3. Reducing intrusive thoughts and flashbacks: Traumatic memories and intrusive thoughts can significantly disrupt daily life and cause distress. Medications like certain antipsychotics or alpha-2 agonists can help reduce the frequency and intensity of intrusive thoughts and flashbacks, providing individuals with relief and enabling them to focus on therapy and healing.
  4. Enhancing sleep quality: Trauma often disrupts sleep patterns, leading to insomnia, nightmares, and restless sleep. Medications such as certain antidepressants or sedatives can be prescribed to regulate sleep and promote better sleep quality. By improving sleep, medication helps restore energy levels, enhances emotional resilience, and supports overall recovery.

It’s important to note that medication alone is not a comprehensive solution for trauma treatment. In trauma treatment, medication is typically used in conjunction with therapy, such as trauma-focused cognitive-behavioral therapy (TF-CBT), eye movement desensitization and reprocessing (EMDR), or other evidence-based interventions. The combination of medication and therapy allows for a holistic approach to address the complex effects of trauma, targeting both the physiological and psychological aspects of recovery. Your psychiatrist has the expertise to prescribe and monitor medication, ensuring it aligns with your individual needs and treatment goals.

Compassionate therapy tailored to your needs

Dr. Dhrymes uses a psychodynamic psychotherapy approach to treat trauma. This therapeutic process involves establishing a safe and trusting environment where you can freely express your emotions, thoughts, and memories associated with trauma. Psychodynamic psychotherapy provides a comprehensive framework for addressing trauma and facilitating profound healing and personal growth.

Dr. Dhrymes can help you identify and understand your emotional triggers, unconscious defense mechanisms, and maladaptive patterns of thinking and behavior that have developed as a result of the trauma. By gaining insight into these underlying factors, you can gradually heal and integrate your traumatic experiences into your overall sense of self.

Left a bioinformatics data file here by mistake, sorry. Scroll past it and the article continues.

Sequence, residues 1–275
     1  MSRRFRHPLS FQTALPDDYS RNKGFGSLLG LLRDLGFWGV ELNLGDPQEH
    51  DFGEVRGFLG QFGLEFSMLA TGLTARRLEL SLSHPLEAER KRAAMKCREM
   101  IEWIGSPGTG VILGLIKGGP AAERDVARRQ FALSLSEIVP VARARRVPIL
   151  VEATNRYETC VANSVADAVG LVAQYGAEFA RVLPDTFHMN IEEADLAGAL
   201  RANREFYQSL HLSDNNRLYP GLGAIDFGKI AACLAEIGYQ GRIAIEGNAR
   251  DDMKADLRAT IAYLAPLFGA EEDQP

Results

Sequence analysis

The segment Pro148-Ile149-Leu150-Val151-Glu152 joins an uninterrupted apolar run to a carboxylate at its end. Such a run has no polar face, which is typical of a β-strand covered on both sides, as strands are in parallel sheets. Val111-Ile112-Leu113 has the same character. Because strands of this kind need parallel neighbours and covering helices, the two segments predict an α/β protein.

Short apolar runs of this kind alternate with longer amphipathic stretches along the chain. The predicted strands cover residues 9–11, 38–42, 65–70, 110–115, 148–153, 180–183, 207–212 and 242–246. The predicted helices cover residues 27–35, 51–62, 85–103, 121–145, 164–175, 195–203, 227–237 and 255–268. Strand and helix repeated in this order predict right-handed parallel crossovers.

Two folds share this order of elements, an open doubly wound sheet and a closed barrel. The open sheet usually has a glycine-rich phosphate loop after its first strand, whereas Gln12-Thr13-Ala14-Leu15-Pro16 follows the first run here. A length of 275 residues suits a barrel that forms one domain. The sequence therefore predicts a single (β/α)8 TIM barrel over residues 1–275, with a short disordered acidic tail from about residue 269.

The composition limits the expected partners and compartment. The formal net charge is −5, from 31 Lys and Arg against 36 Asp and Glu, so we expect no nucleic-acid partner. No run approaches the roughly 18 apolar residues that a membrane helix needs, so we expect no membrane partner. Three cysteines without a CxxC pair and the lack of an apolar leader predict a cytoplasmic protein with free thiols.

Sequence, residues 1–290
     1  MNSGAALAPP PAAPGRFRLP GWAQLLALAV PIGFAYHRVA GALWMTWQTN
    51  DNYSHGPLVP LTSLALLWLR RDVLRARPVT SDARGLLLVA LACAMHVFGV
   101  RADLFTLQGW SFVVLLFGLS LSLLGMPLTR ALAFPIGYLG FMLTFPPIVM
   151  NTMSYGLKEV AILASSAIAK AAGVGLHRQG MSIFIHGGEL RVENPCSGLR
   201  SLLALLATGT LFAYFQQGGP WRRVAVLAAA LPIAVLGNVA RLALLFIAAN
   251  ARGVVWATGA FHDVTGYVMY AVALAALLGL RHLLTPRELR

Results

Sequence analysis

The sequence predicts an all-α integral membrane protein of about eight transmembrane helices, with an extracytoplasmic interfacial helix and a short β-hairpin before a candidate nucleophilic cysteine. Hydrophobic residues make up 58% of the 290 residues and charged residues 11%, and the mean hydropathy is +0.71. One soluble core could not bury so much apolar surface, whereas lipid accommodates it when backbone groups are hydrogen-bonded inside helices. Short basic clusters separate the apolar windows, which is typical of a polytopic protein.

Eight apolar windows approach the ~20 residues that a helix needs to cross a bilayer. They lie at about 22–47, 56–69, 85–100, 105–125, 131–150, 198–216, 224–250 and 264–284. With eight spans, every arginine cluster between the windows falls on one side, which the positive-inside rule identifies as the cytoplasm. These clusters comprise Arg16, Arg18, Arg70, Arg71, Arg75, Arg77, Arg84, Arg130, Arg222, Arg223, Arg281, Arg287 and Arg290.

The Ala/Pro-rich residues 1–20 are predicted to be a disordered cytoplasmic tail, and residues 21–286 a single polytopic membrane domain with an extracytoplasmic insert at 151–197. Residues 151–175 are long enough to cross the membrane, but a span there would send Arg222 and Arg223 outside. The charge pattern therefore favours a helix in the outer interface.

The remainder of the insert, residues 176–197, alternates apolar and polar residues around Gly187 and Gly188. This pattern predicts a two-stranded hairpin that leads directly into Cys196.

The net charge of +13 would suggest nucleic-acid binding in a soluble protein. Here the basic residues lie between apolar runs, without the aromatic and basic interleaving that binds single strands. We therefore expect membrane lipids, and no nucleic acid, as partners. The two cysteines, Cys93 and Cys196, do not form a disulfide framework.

Psychodynamic psychotherapy can empower you to regain control over your life, develop healthier coping mechanisms, and ultimately find a path toward healing and recovery. 

Reach out today

Dr. Dhrymes offers psychotherapy and medication management services to treat trauma, ADHD, anxiety, depression, and more. Please complete the contact form with any questions or click here to schedule your free consultation. 

In-person appointments are available in Manhattan or online for all residents of New York.

Related information

Briere, J., Hodges, M., & Godbout, N. (2010). Traumatic stress, affect dysregulation, and dysfunctional avoidance: a structural equation model. Journal of traumatic stress, 23 6, 767-74

Dimopoulou, I., Anthi, A., Mastora, Z., Theodorakopoulou, M., Konstandinidis, A., Evangelou, E., Mandragos, K.E., & Roussos, C. (2004). Health-Related Quality of Life and Disability in Survivors of Multiple Trauma One Year After Intensive Care Unit Discharge. American Journal of Physical Medicine & Rehabilitation, 83, 171-176.

López-Martínez, A., Serrano-Ibáñez, E.R., Ruíz-Párraga, G.T., Gómez-Pérez, L., Ramírez‐Maestre, C., & Esteve, R. (2018). Physical Health Consequences of Interpersonal Trauma: A Systematic Review of the Role of Psychological Variables. Trauma, Violence, & Abuse, 19, 305 – 322.

Sanderud, K., Murphy, S., & Elklit, A. (2016). Child maltreatment and ADHD symptoms in a sample of young adults. European Journal of Psychotraumatology, 7.

Schnurr, P.P., & Green, B.L. (2004). Understanding relationships among trauma, post-traumatic stress disorder, and health outcomes. Advances in mind-body medicine, 20 1, 18-29